Rats were anesthetized by isoflurane inhalation and the colon was exposed along the midline of the abdomen. In our study, the tissue samples of the distal colonic muscle layer from NCG (n = 6), NSG (n = 6) and OIC (n = 6)rats were used for protein extraction using a commercial protein extraction kit (cat. no. KGP-2100; Jiangsu KeyGen Biotech). The protein concentration was determined by a bicinchoninic acid protein assay (cat. no. KGP-2100; Jiangsu KeyGen Biotech). Protein samples (3.6 µg/µl; 10 µl/ well) from each group was pipetted into a well of a 10% SDS-PAGE, cut the Polyvinylidene Fluoride (PVDF) membrane of appropriate size according to the molecular weight, soak it in methanol for 3 min, then assemble it in the order of rotating film clip black side, filter paper, gel, PVDF, filter paper, rotating film clip white side, and finally transfer on the membrane at 200 mA constant by the condition of 1.5 min/1KDa. The membrane was blocked by incubating in non-fat 5% skim milk for 2 h at room temperature before adding the following primary antibodies: anti-P2Y1 (rabbit polyclonal; cat. no. 85,896; Abcam, Cambridge, UK; 1:1000), anti-MOR (rabbit monoclonal; cat. no. ab134054; 1:1000; Abcam), anti-ATPB (mouse monoclonal, cat. no. 14,730; 1:1000; Abcam), and anti-GAPDH (mouse monoclonal, Cat. No. TA08; ZSGB-BIO, CHN; 1:1000) antibodies, then for 1 h at room temperature and allowed to incubate at 4 °C for overnight. After that, TBST was used to wash thrice to clear off any unbound primary antibodies, then the membrane was incubated with the respective secondary antibodies, either HRP-goat anti-mouse IgG (Cat. No. ZB-2305; ZSGB-BIO, CHN; 1:3000) or HRP-goat anti-rabbit IgG (Cat. No. ZB-2301; ZSGB-BIO, CHN; 1:3000) conjugated for 1 h at room temperature, and washed with TBST. The ECL reagent (cat. no. BMU101-CN; Abbkine) was added, and the images were captured by a chemical imaging system (Amersham Image 600). The gray value of each band was determined using ImageJ software and compared to the relative internal reference bands (target protein gray value/internal reference protein gray value).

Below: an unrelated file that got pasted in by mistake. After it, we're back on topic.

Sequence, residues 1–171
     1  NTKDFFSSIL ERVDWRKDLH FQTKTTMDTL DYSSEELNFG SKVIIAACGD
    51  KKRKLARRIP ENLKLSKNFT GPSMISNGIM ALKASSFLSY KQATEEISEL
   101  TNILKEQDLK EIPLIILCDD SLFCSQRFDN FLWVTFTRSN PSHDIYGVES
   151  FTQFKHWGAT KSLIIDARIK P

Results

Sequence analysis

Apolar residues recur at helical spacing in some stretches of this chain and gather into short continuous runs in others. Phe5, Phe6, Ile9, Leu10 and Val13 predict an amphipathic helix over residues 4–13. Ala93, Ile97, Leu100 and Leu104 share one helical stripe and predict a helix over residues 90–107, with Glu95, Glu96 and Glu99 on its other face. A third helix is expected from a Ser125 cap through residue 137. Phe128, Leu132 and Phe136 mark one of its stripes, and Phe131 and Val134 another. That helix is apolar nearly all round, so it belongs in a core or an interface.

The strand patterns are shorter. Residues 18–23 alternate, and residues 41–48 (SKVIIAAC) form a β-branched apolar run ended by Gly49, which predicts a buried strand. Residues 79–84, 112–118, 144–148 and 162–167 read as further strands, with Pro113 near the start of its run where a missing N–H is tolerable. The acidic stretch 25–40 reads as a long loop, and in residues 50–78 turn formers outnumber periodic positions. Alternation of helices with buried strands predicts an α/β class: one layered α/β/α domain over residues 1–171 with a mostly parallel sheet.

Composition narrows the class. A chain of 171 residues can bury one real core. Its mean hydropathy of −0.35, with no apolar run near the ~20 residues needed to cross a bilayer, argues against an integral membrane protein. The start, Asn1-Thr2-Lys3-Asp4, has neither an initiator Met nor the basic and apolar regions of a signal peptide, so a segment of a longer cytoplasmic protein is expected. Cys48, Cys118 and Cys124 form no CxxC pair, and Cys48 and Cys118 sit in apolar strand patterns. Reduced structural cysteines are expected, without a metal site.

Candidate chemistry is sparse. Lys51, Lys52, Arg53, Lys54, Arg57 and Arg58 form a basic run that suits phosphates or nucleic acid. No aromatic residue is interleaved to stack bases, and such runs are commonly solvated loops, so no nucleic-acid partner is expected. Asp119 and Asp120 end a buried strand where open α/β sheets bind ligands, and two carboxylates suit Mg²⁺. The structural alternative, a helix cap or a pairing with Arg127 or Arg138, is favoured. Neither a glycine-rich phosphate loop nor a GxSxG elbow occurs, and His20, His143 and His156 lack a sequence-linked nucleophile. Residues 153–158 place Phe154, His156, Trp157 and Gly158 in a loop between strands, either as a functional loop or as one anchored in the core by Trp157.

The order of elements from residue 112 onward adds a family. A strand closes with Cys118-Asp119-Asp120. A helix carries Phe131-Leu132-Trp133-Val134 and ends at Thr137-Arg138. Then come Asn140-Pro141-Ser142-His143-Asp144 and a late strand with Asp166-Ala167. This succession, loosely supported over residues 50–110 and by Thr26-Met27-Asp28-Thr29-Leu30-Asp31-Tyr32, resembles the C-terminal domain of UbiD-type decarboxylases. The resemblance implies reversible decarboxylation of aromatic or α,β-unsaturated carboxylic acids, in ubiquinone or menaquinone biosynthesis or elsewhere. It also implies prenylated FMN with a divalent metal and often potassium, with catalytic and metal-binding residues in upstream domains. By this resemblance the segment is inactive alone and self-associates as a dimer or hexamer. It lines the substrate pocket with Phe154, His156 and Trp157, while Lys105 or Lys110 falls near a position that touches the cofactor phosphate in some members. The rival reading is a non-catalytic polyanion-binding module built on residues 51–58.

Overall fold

Mechanical test

Solutions and Drugs